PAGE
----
4. Aidin Vaziri, “Sheeran does bland pub show for 40,000,” on Ed Sheeran at AT&T Park, San Francisco Chronicle (August 22nd). “For a little over 90 minutes, fans were treated to just Sheeran, his rotating cast of acoustic guitars and something called a loop station — an effects box that allowed him to sample and overdub his vocals and guitar chords live, layering everything until it sounded like Coldplay minus a billion dollars.”
5. Chicago Plays the Stones (Raisin’ Music). Aren’t tribute albums terrible? The Rolling Stones’ 2016 Blue and Lonesome, their Chicago blues album, certainly was, and this, a Stones-blessed project (Mick appears with Buddy Guy on what I’m just going to call “Heartbreaker” to save space, Keith with Jimmy Burns on “Beast of Burden”), bringing together players who made their mark in the 1950s to musicians born then, is much worse. You’d think that Billy Boy Arnold — whose rickety 1955 “I Wish You Would,” with what sounds like a teenage vocal, is as primitive as Buddy Holly’s “Not Fade Away” — could bring some restraint, a sense of timing and suspense, to “Play with Fire,” but it’s as rushed, as trashed up, as everything else here. The music is like a cut-rate neon sign that’s about to burn out.
6. “Rock and Roll Hall of Fame Class of 2019 Inductees” (RockHall.com). The Zombies: two effectively Beatle-style Top 10 hits in 1965 (think of “She’s Not There” and “No Reply” — which one disappears in the face of the other?) and another one, boring even if the radio loves it, four years later. But when the Shangri-Las — “Remember (Walking in the Sand),” “Leader of the Pack,” “Give Him a Great Big Kiss,” “Out in the Streets” and “I Can Never Go Home Anymore” — three of them Top Ten in 1964 and 1965, one of them Number One, all of them not merely hits, but iconic — have never been nominated, let alone voted in, how can this mean anything at all? I don’t know if Janet Jackson or Def Leppard would agree, but I’d bet Stevie Nicks and Bryan Ferry would.
7. Dr J. Gérard, La Grande Névrose (The Great Neurosis, 1889), in Sigmund Freud: Du regard à l’écoute (From Looking to Listening), Musée d’art et d’histoire du Judaisme, Paris (through February 10). In a vitrine near the beginning of this labyrinth-like exhibition (for the narrow gallery spaces, but also the back-and-forth, leaps-and-bounds discoveries of psychoanalysis — of the discovery of psychoanalysis) was this book from Freud’s library. It held the most frightening and suggestive image in the show: a woman, naked except for black stockings and heels, wrestling with an octopus, whose head was her own brain.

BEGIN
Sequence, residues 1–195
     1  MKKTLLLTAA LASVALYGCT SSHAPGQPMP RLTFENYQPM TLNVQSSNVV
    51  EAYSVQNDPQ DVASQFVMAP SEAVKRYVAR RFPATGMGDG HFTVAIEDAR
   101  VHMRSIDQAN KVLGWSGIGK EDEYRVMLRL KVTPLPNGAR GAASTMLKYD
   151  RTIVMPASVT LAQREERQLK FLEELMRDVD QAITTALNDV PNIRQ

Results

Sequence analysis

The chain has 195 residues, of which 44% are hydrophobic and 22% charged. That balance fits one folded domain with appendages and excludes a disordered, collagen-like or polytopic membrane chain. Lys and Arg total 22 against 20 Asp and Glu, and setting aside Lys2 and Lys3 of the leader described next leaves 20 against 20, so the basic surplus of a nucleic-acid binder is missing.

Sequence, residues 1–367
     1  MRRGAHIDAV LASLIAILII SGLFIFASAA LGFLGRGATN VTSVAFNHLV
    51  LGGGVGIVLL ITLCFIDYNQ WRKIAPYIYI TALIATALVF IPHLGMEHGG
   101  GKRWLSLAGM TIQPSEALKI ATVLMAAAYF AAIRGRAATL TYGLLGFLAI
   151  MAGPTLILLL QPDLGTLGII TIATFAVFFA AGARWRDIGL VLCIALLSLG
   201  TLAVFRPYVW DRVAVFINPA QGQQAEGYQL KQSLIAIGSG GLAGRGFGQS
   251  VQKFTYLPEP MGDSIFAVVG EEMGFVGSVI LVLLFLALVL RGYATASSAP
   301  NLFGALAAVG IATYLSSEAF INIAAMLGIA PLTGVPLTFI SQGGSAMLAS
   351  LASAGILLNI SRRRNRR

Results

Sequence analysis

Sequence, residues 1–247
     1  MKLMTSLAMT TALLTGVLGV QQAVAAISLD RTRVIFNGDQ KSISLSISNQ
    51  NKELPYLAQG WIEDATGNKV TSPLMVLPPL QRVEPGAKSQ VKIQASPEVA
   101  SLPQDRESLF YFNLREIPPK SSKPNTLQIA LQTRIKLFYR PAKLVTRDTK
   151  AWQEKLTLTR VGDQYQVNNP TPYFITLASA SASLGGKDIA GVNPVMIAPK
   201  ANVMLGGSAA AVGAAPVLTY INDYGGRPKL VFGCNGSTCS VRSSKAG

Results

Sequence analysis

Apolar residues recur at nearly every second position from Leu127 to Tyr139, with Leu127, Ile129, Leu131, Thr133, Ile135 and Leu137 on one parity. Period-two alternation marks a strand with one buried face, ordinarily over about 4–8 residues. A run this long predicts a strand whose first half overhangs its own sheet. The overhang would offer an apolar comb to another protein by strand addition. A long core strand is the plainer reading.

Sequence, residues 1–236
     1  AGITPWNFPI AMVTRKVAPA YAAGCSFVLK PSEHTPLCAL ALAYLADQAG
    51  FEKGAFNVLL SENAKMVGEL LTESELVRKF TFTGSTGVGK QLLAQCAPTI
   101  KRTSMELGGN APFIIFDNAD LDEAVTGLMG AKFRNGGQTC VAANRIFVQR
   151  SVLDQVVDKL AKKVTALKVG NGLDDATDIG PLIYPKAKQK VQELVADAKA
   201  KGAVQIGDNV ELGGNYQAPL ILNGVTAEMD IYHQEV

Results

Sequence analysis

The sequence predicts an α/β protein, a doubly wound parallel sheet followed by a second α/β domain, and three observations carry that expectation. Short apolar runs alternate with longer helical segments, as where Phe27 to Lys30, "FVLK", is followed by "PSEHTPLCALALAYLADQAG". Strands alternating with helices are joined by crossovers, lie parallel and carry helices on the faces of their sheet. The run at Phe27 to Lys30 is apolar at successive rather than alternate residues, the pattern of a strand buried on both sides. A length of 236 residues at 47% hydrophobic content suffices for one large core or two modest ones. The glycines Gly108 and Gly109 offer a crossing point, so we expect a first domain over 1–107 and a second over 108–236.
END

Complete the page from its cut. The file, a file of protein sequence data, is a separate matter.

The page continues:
8. and 9. John Simon, Truth, Lies & Hearsay: A Memoir of a Musical Life in and out of Rock and Roll (available on Amazon) and The Band, Music from Big Pink: 50th Anniversary Edition (Capitol). In the late 1960s, John Simon may have had the keenest ear of any record producer. He also had the most open heart, the most self-deprecating ego — the horn parts he and Garth Hudson designed and played on Music from Big Pink in 1968 are almost invisible, not so much inaudible as pure texture, a day dream inside an argument. That is why, moving on from the fellowship of the Band — of which he felt so deeply a part that “One day I asked Robbie if could join up. He said, ‘We’ve already got two piano players.’ And that was that” — he was able to make his way through the music business without accusations of betrayal, manipulation, and theft trailing behind him, and why he could write a book without a hint of rancor, complaint, whine or resentment. There is a profoundly Jewish sense of irony here, something you find in comic Jewish novels and memoirs from the 1940s — a conviction that life is a cruel joke and that any escape from tragedy is a matter of undeserved luck. He produced Big Brother and the Holding Company’s first album, Cheap Thrills, which made Janis Joplin a world star. “Did she die in bed?” he writes. “In the bathroom? On the floor? Or was that Elvis? Or Jimi? Jim Morrison? Sid Vicious? Kurt Cobain? Michael Jackson?”